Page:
Harris County District Attorney’s Office Drops Nearly 800 Charges Against Non-Violent Protesters

Monique Sparks of the Houston Protestors' Defense Team addressed the media during a June 10 press conference in front of the First Court of Appeals downtown.
Monique Sparks of the Houston Protestors' Defense Team addressed the media during a June 10 press conference in front of the First Court of Appeals downtown.
Photo by Schaefer Edwards
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Hundreds of non-violent protesters recently arrested by Houston police can sleep a little easier tonight.

The Harris County District Attorney’s Office announced today that they had dropped nearly 800 criminal charges made against people who were taken into police custody after participating in local protests concerning the killing of George Floyd, the Black Lives Matter movement and police reform.

A total of 796 criminal cases against 654 protesters have been dismissed, which were characterized by District Attorney Kim Ogg’s office as mostly non-violent misdemeanors such as trespassing and obstructing highways.

The Houston Protestors’ Defense Team, a group of more than 70 local lawyers offering their time to provide free legal assistance to protesters, discussed these dismissals in noon press conference Wednesday. To Monique Sparks, a Houston criminal defense attorney who represents the organization, the DA’s move was a step in the right direction, but was still just that—a single step.

“That was a good start,” Sparks said, “but we’re not done.” For starters, her group would like to see a formal apology to the protesters in question from the Houston Police Department and the DA's office.

Prior to the press conference, the DA’s office issued a statement that came short of an apology. District Attorney Ogg described her team’s belief that the initial arrests were justified, even though the charges were waived upon further review.

“While probable cause existed for the arrests of those people who refused to disperse after being ordered to do so by police, our young prosecutors worked hard to identify the few offenders who came to inflict harm on others and intentional damage to property,” Ogg said in a statement to the press.

“We will always protect the First Amendment rights of peaceful protesters,” Ogg continued. “The only people I will be prosecuting are those who intentionally hurt others and intentionally destroy property.”

According to the DA’s office, out of the 654 protesters who were arrested, 51 adults and one juvenile still have active charges against them—that includes 35 misdemeanors and 19 felonies for things such as weapon possession and assault of peace officers on the scene.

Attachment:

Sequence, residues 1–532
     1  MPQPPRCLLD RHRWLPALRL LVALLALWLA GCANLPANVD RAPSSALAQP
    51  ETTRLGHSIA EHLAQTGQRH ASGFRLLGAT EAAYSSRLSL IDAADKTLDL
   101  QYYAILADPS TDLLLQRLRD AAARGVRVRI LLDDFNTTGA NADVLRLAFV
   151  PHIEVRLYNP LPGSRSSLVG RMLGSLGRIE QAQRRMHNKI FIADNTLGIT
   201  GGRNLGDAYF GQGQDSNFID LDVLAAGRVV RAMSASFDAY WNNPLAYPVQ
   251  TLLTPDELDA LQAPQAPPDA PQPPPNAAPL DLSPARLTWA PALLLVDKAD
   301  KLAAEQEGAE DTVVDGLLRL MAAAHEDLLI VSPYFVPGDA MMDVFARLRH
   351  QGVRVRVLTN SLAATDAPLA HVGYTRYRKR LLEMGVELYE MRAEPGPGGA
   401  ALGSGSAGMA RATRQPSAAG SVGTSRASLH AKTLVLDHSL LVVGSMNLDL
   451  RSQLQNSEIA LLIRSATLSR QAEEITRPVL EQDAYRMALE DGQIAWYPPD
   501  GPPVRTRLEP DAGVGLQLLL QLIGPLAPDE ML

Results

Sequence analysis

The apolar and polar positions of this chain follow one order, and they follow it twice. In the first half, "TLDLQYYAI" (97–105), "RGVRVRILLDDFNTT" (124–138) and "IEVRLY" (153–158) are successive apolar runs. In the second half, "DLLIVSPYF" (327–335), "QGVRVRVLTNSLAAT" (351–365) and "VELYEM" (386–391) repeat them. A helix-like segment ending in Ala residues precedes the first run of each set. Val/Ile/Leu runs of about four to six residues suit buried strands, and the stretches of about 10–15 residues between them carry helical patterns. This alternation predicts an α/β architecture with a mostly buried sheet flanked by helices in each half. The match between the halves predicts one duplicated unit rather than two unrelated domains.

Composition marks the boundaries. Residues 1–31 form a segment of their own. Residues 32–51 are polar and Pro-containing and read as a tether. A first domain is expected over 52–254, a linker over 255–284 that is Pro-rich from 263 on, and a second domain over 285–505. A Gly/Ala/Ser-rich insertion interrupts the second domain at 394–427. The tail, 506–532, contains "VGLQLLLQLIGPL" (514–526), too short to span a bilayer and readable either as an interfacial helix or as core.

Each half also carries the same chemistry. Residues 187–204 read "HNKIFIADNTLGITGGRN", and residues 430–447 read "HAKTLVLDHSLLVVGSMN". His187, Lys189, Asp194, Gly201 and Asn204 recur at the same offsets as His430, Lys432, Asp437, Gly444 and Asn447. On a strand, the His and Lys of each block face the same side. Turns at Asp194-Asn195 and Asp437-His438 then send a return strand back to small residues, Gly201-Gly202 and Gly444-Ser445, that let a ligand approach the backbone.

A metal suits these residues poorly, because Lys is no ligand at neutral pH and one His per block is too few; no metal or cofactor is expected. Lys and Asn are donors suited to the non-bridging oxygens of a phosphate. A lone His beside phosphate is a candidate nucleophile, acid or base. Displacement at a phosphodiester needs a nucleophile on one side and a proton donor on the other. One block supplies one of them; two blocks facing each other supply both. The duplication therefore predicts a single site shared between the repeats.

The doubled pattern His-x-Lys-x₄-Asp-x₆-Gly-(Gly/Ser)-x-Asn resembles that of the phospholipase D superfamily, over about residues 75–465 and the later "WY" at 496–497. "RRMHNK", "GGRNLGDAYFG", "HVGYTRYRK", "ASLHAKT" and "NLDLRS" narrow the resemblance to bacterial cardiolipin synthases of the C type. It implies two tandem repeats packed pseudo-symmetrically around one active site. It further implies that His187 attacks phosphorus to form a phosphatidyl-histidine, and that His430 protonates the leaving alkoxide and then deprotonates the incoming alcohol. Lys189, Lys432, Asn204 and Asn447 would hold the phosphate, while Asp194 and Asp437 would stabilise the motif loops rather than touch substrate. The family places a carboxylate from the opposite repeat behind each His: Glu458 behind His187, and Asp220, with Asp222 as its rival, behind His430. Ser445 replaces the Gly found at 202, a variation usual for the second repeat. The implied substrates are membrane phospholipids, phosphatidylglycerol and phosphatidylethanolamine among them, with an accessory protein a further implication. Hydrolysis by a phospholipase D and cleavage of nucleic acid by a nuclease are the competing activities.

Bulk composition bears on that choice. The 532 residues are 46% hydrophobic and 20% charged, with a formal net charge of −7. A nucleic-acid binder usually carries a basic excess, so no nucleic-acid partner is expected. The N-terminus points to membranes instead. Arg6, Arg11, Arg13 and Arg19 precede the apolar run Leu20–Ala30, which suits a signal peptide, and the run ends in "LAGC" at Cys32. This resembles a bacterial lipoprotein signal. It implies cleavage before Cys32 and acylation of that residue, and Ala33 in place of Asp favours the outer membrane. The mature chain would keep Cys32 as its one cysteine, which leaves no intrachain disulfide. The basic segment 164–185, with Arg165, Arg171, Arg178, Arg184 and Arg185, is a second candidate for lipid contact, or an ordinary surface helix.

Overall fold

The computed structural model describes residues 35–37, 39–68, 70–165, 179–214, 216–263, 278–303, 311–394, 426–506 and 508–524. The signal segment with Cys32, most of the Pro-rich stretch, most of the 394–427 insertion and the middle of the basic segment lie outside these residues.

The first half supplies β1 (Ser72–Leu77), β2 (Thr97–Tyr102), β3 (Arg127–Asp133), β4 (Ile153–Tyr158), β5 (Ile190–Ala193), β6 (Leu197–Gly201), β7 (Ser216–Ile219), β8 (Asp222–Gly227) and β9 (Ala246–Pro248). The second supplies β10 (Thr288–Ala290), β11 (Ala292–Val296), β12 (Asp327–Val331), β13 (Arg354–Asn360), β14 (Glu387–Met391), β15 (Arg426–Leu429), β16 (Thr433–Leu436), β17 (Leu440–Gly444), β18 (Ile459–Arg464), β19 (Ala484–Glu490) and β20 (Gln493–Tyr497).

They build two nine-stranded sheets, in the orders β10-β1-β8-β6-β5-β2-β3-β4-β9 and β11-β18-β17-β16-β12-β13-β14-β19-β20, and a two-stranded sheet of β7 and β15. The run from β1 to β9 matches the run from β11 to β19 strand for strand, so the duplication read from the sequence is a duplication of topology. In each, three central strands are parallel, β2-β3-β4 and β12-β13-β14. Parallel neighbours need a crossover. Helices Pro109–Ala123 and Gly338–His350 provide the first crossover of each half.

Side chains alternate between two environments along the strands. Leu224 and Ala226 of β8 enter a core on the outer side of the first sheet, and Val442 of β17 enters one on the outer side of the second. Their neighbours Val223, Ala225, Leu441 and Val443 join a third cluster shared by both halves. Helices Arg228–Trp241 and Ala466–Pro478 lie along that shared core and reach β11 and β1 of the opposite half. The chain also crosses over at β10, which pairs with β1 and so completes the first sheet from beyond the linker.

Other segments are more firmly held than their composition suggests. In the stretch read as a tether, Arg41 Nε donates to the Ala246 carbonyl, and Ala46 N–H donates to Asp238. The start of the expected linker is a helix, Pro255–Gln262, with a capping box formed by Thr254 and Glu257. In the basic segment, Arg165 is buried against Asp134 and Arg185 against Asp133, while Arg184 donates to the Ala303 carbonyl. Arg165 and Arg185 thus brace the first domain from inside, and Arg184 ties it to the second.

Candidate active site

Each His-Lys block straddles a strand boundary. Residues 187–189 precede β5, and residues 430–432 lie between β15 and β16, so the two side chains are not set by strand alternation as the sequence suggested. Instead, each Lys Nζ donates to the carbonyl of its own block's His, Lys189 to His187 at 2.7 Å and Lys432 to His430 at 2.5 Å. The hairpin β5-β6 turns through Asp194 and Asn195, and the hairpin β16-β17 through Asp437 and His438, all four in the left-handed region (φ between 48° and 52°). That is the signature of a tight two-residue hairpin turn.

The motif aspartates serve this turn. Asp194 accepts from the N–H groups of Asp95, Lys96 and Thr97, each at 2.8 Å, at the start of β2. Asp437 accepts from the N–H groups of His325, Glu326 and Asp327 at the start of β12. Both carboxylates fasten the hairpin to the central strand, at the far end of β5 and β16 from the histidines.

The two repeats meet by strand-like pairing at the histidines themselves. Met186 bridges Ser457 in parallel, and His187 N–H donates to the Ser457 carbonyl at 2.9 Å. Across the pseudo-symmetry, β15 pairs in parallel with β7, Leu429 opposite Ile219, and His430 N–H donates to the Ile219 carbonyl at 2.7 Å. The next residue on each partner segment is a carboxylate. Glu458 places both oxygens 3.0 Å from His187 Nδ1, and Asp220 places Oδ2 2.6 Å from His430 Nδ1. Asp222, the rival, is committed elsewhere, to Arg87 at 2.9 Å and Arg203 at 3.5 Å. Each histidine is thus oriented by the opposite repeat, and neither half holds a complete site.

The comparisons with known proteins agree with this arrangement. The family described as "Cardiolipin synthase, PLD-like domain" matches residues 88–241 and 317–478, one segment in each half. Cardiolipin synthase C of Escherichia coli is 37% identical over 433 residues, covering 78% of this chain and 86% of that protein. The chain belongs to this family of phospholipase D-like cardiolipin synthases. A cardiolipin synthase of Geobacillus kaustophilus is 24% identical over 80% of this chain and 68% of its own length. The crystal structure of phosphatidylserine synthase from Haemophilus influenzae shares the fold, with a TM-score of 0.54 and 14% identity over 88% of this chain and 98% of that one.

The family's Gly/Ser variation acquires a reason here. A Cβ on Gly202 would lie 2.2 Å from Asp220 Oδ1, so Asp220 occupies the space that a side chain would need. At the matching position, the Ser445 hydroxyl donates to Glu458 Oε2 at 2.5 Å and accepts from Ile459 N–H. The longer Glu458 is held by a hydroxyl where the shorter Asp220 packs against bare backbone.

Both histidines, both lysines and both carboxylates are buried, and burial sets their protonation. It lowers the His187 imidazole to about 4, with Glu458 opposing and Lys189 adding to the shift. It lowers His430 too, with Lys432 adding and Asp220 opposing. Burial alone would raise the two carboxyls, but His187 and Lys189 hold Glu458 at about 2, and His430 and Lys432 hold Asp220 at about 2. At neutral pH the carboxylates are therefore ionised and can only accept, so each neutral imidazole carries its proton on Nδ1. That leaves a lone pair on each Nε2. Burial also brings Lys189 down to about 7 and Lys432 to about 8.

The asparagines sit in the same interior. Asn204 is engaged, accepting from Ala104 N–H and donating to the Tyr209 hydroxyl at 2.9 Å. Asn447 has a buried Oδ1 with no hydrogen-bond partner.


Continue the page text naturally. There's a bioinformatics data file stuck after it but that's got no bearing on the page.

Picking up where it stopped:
Dane Schiller, a spokesman for the DA, explained that their office believes these protesters whose charges were dismissed “should not face the prospect of being saddled with criminal records that could impact educational, employment and other opportunities.”

Despite that sentiment, these protesters will still need to go through the formal process of having their arrests expunged from their criminal records in order to have a truly clean slate, which involves a fee and professional legal representation in some cases.

In Ogg’s opinion, the Houston legal defense community can shoulder some of that burden. “With so many professionals wanting to contribute, I am confident that the criminal defense bar will volunteer their services to clean up the criminal records of all involved,” she said.

Sparks explained that the filing fee for an expunction is $350, which protesters would still have to pay even if they received free legal representation. The Houston Protesters' Defense Team believes it’s unjust that these non-violent protesters now have to go through the process of having their dismissed charges expunged from their records.

“We need these charges to be automatically expunged,” Sparks said. If that's not on the table, she offered a potential compromise.

“If the DA’s office will not immediately expunge the records of all the protesters,” Sparks said, “we urge the DA and the district clerk to waive those fees associated with the expunctions of each of the protesters.”

However, according to Schiller: "We can't automatically expunge records and we do not charge any fees. Any fees are from the courts, not the DA. We do not charge a fee, collect a fee or benefit from a fee."

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